Placebo Effect Is Powerful for Patients

Dear Dr. Roach: My two girlfriends began a weight-loss program (we are all overweight by 35-50 pounds) with a medically supervised HCG program. They both have lost 20 pounds in three weeks. I know that the stock answer is that any severely restricted diet will give those results. But they both are full of energy, NEVER hungry, and they don’t have cravings or that deprived feeling that goes with dieting. Are there any statistics regarding the HCG program that you can pass on?

My doctor just says that the Food and Drug Administration does not recognize this off-label use of the drug. There must be some medical studies on this. Please give me a real answer as to results and safety. — P.R.

Answer: I can’t recommend HCG as a treatment to help people lose weight. A trial in 1973 showed benefit, but since then there have been four trials that compared injections of HCG with placebo injections, and there were no differences in weight loss, sensation of hunger or mood.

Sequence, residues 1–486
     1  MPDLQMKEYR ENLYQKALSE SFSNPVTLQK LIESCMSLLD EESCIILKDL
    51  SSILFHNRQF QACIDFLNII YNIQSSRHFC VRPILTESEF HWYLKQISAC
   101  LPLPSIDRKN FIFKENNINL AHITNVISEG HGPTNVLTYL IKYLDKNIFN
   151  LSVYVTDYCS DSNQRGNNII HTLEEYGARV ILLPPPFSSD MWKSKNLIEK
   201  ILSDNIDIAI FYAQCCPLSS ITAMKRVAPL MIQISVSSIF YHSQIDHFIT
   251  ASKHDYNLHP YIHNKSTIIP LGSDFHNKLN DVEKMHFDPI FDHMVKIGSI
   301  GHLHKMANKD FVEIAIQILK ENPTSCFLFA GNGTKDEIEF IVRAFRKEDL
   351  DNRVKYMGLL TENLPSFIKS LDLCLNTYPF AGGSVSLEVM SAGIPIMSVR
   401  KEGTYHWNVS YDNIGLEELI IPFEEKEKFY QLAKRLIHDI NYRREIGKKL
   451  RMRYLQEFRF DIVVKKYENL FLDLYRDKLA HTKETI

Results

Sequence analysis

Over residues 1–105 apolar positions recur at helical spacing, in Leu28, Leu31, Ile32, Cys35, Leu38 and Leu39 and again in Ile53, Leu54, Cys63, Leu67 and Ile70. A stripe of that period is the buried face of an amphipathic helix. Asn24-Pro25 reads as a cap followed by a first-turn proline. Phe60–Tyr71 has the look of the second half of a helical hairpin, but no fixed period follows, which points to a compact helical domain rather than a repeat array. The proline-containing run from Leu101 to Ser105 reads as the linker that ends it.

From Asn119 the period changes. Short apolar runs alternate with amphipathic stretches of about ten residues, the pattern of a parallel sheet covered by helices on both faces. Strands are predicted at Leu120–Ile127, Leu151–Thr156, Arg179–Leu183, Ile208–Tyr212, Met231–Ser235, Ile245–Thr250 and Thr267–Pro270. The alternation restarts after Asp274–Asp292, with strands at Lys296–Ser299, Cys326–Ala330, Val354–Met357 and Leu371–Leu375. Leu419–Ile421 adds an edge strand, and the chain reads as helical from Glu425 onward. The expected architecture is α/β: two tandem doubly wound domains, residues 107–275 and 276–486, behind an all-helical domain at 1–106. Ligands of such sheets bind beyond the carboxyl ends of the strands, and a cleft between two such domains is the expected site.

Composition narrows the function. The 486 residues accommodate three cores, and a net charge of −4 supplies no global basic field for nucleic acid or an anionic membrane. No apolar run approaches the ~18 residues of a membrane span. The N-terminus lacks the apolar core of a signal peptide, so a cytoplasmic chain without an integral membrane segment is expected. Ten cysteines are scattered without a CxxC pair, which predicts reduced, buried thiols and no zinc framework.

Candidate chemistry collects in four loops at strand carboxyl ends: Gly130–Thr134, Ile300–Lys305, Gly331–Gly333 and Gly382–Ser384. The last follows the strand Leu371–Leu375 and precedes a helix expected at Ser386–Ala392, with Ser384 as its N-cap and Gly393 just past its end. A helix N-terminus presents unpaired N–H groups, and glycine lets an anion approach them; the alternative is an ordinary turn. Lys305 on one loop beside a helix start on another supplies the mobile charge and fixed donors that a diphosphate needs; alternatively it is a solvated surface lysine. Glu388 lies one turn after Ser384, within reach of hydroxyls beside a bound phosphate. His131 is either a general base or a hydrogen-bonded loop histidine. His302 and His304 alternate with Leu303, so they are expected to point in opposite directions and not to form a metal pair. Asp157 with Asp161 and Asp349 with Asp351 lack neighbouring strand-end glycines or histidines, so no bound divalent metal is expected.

I often mention placebo in my columns, but while most people know that “placebo” just means an inactive substance, I don’t think I have really made clear how powerful the “placebo effect” can be. If you really believe that a treatment will help you, it is pretty likely to make you feel better.

That effect is true whether it’s a prescription or over-the-counter medication, supplement, injection or surgery. For a medication, device or procedure to be considered effective by the FDA, it has to be proven to be more effective than placebo.